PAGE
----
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Eurozone Inflation Stabilizes at 0.8 Percent

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Eurozone Inflation Stabilizes at 0.8 Percent

Consumer inflation in the Eurozone stabilized last month, easing pressure on the European Central Bank to carve out an immediate response to deflation.

Eurozone consumer inflation stabilized at 0.8 percent annually in January, according to a revised estimate from the European Commission. The reading was revised upward from an initial flash estimate of 0.7 percent released on January 31. The so-called core measure, which excludes volatile goods such as food, energy, alcohol and tobacco, rose 0.8 percent annually.

The revised estimate, which is based on more detailed data, showed inflation fell in January at its fastest ever pace, thanks to declining non-energy industrial goods. Inflation in the 18 nations sharing the euro dropped 1.1 percent in January when compared with the previous month. Non-energy industrial goods tumbled 3.9 percent in January, official data showed.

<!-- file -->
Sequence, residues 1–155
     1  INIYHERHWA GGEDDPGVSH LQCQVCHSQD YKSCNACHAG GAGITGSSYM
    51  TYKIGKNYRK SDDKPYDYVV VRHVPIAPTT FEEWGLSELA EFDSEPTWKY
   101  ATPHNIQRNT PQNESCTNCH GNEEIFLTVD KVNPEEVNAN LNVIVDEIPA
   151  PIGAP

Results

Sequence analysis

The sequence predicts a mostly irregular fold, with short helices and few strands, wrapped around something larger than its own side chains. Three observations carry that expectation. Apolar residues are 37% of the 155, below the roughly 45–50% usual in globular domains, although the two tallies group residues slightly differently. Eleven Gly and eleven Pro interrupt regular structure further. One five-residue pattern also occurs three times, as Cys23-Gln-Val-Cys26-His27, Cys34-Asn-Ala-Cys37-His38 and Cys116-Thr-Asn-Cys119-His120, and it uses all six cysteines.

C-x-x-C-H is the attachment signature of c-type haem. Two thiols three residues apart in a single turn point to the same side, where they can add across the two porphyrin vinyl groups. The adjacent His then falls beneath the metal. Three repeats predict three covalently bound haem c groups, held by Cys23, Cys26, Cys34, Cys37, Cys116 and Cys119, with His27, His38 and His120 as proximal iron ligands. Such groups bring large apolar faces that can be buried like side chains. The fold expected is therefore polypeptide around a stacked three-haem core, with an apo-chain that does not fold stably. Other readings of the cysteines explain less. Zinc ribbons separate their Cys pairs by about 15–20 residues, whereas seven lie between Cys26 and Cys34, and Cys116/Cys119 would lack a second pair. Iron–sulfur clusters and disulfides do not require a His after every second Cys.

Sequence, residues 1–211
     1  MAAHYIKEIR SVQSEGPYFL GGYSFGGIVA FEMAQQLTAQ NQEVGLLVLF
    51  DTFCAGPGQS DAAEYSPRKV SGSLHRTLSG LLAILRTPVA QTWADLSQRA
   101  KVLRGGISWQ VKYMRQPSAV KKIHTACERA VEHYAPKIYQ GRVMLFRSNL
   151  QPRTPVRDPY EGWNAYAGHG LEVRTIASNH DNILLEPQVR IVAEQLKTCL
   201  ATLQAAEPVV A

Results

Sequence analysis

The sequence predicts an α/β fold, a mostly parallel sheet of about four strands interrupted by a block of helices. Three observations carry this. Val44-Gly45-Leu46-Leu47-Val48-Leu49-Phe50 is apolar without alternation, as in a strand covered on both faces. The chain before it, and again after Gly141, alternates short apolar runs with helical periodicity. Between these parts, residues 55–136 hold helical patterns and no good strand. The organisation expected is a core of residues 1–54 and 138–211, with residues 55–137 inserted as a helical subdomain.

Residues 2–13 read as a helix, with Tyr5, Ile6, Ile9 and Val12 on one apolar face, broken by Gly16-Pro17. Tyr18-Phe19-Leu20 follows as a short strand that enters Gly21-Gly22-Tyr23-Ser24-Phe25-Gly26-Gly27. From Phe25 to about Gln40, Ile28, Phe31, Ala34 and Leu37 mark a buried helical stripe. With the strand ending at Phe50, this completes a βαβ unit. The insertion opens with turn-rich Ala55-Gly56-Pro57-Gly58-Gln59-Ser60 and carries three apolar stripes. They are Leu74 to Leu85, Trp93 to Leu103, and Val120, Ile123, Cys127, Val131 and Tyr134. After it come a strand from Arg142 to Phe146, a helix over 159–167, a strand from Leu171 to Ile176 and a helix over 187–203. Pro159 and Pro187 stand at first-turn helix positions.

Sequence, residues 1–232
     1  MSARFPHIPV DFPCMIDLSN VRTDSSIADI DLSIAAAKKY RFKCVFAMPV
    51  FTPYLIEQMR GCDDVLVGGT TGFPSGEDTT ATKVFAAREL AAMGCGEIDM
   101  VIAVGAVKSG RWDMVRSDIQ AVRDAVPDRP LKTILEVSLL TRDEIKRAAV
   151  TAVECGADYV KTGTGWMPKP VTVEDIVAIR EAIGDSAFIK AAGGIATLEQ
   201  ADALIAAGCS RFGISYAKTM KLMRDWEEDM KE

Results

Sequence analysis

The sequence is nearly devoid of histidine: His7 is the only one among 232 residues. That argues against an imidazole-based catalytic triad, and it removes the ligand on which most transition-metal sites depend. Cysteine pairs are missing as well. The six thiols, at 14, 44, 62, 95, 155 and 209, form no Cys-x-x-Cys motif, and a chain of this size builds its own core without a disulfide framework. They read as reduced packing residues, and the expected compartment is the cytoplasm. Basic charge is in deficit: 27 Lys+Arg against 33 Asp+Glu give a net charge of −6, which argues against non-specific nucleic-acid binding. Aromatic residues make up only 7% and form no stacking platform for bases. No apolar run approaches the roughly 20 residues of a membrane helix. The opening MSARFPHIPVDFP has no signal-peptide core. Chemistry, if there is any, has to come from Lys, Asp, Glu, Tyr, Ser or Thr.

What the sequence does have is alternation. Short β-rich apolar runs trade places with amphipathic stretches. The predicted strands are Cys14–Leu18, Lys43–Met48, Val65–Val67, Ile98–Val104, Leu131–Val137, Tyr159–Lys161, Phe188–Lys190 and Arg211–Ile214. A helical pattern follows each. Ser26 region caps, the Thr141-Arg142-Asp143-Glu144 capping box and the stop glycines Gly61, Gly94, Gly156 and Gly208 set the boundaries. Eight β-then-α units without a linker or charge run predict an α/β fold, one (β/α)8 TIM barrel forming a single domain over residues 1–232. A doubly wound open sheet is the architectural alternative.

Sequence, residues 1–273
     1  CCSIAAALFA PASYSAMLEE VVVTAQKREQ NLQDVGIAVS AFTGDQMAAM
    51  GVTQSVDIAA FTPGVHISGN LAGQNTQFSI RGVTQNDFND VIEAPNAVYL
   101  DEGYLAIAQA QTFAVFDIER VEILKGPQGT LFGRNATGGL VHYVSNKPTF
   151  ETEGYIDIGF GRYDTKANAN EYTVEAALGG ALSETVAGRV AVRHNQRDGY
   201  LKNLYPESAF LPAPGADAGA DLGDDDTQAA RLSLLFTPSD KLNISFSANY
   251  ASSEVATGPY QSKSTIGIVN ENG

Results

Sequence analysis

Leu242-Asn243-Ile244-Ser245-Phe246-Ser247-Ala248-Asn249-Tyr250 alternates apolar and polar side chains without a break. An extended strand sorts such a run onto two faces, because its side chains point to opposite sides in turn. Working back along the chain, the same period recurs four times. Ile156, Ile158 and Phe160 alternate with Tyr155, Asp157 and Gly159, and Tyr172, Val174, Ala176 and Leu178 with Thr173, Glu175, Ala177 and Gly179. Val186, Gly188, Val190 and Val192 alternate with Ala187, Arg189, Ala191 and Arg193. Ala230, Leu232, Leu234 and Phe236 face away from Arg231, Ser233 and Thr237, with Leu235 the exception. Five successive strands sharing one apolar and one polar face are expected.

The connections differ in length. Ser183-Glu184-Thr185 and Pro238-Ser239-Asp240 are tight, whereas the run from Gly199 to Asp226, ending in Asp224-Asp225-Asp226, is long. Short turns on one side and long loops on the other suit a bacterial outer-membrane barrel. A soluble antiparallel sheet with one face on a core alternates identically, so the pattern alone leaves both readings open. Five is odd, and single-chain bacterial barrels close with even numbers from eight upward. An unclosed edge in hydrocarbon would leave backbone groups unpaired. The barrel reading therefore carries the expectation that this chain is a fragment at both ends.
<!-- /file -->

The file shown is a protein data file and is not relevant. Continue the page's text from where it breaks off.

The ECB, faced with the threat of deflation, cut its benchmark interest rate to 0.25 percent in November, a record low. Interest rates are expected to remain at that level until mid-2015. Although the ECB has repeatedly stated it does not expect deflation to persist, the markets remain on high alert. ECB President Mario Draghi announced earlier this month the central bank would wait for more information about economic recovery to determine the next stage of monetary policy.

An initial estimate of economists in a Reuters poll forecast consumer inflation to rise to 0.9 percent in January, a rate that is still well below the ECB’s target of around 2 percent. A recent survey administered by the ECB showed professional forecasters expect inflation to remain relatively subdued over the next several years, as Eurozone recovery continues to deepen.

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